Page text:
; Hypertension
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Dm and hipertension

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									                Lowering High Blood Pressure in Women

High blood pressure (hypertension) affects more and more women in the US.
There are several reasons for this. The most important one is the overuse of
antibiotics in our culture. Antibiotics not only kill disease bacteria, but also kill off
"friendly" bacteria needed in the digestive system for several important functions.

A major function of these “good” bacteria is to help make the so-called "intrinsic"
factor that assists the B-12 getting into the portal vein. It seems that this
particular B12 molecule is a very large one, and it needs this factor to get from
the digestive "gut" into the blood.

There's another factor to be considered in our culture. It seems that the (birth
control) "pill" prevents, or at least slows the B12 uptake as well. These two
factors make women much more likely to be short in B12 than men.

While in practice in the early 80's, and learning about nutrition and allergy in the
new exciting field of Orthomolecular Psychology, I was using my (then) wife and
myself as sort of "guinea pigs" for various nutrients. I had a prescription for B12
from an MD friend. I injected a 1ml shot of B12 to my wife and myself.

It did nothing for me, but my wife immediately felt a lift of spirit and good feeling.
I then measured her blood pressure, as she had been diagnosed with severe
hypertension of 120/200, and was on second level treatment. To my surprise, it
was 80/122. We measured her BP twice a day, and for the next three days, it
stayed in the very "normal" range.

On the fourth day, it started climbing again, and I gave her another shot, this time
0.5 ml (half). Within 20 minutes, it was back down to 80/120. Four days later, I
gave her 0/25 ml. Same reaction.

With further experimentation, we found that she needed approximately 0.22 ml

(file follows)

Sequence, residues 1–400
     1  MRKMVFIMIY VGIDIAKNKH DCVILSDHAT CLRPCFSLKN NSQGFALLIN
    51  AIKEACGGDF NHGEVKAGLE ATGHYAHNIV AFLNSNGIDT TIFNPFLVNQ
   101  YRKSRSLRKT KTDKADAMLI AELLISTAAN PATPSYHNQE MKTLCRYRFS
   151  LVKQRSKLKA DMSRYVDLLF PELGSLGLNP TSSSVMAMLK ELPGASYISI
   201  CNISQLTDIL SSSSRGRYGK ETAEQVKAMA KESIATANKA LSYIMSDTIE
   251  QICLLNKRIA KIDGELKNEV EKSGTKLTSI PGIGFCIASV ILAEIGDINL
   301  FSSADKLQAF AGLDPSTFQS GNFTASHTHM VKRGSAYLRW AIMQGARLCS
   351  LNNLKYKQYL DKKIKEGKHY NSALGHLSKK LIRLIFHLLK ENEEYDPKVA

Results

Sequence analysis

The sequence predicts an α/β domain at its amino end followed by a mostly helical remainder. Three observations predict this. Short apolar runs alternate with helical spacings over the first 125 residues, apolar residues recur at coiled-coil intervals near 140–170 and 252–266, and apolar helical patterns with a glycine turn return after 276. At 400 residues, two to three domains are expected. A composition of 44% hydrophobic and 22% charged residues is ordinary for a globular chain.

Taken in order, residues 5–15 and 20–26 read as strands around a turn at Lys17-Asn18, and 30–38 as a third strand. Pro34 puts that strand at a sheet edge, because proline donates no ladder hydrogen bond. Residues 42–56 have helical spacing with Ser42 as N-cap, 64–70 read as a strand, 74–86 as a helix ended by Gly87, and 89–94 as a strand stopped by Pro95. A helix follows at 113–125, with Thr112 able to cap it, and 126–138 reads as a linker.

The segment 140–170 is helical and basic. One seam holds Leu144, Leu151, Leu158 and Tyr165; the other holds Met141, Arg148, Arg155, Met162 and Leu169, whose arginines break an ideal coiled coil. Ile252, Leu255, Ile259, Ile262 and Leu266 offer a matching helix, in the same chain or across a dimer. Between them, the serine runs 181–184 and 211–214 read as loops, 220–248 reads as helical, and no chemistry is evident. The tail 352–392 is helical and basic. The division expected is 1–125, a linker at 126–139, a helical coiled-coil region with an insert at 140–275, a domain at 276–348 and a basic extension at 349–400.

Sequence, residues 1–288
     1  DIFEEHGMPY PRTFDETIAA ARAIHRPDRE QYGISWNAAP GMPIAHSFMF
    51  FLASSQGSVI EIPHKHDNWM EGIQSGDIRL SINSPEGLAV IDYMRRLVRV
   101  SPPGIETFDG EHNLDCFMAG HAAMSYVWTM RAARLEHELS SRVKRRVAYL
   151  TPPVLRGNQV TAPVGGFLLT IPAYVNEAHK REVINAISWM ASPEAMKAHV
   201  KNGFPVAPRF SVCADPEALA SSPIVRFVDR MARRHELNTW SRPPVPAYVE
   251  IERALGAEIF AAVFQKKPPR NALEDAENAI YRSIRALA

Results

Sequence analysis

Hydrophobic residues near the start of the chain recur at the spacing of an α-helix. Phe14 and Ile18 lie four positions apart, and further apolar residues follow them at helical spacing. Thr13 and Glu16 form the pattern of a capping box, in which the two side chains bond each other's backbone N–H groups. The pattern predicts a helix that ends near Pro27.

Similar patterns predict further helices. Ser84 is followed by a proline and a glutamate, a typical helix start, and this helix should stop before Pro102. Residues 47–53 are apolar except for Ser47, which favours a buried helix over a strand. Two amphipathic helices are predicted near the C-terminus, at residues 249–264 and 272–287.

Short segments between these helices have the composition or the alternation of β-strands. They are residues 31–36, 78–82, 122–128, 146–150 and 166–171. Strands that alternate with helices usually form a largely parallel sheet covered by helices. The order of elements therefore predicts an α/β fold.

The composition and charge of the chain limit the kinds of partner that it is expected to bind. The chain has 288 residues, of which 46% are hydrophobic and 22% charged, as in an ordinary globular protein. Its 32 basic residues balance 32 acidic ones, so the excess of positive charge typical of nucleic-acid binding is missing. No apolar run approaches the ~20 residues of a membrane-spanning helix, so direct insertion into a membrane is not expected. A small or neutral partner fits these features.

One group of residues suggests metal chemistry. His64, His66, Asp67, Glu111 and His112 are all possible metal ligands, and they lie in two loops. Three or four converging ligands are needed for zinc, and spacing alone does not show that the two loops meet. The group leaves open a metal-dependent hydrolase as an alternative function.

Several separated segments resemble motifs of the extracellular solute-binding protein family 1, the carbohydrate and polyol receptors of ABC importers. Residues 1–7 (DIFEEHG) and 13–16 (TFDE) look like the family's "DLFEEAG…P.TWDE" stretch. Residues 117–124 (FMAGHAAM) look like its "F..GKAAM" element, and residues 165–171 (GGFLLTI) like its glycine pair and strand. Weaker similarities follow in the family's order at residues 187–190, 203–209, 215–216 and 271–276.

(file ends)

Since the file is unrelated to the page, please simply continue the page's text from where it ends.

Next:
every fourth day, and her hypertension disappeared.

I had a radio talk show at the time, and I broadcast this anecdotal information
one evening. Over the next few days, I got several women patients with
hypertension. I arranged with a friendly DO to give them B12 shots and I got
about half of them to report the results to me by phone.

All of them that reported told me that not only had their hypertension
disappeared, but they all felt much better all the time. As a sidelight, my wife had
a certain tone to her voice when she was worrying about something. One
evening she turned to me and said, "Did you pay the paperboy?”
I immediately said, "Did you take your shot today?”

She hadn't and her high blood pressure was a factor in her worrying, or perhaps
it was vice versa.

Since that time, I've advised dozens of women with hypertension to see if they
can get a B12 shot from their physician, and failing that, start taking B12 in
sublingual (under tongue) or nasal preparation. Virtually all of these have
reported back that they no longer have high blood pressure.

For high blood pressure a B12 injection will lower high blood pressure in most, if
not all, women to "normal" levels within 20-30 minutes. Nasal and/or sublingual
doses of B12 take longer.

Another interesting fact: I've never found B12 deficiency to be a factor in
hypertension in men.

There’s still another fact. Of about 5 of the above women who had a blood assay
of B12 and Folic Acid, NONE were found to be deficient. However, all who got
injections found that they got an immediate "lift" from them. This tells me clearly
that the standard B12 and Folic Acid test is not as reliable as simply getting a
B12 shot and waiting for the "lift", which is clearly felt by all women IF THEY ARE

I was the first to report this in the Orthomolecular Journal in 1982. For almost all
women I have advised since that time who have actually tried this, their blood
pressure came down to "normal" range within a half hour or so after an injection.
I usually advise starting with 0.50 ml (50 cc) with an insulin needle) to begin with.

The usual B12 for injection is "cyanocobalamin". A better one is
"hydroxycobalamin", and the latest form is methycobalamin. but I've found that
few drugstores or hospitals carry this newer form. (Perhaps because MD's and
hospital staff know little about vitamins

The nasal and sublingual B12 does not work nearly as fast or as well, but it can
probably be used for maintenance. And, you can get these forms in most good
health food stores without prescription. There are no known bad side effects as
with prescription drugs!

For men, niacin probably works better than most anti-hypertension drugs. The
only side effect is a harmless one of what is often described as a "flush". NUTS!
For me, and lots of other people, it's like a moderate to severe sunburn and it can
last up to a half hour on some. The only way for those of us that are bothered by
this effect is to start with small doses, and gradually work up to large doses. (By
the way - niacin also works for women).
Niacin also has another good effect - it lowers cholesterol.

Hope this helps you and yours!

              Dr Bate is a retired orthomolecular psychologist
             who invented Neuroliminal Training, a simpler and
          affordable way to change brain wave amplitudes solving
               ADD-Autism, depression, insomnia, and more.
                 http://drbate.com – http://Neuroliminal.com

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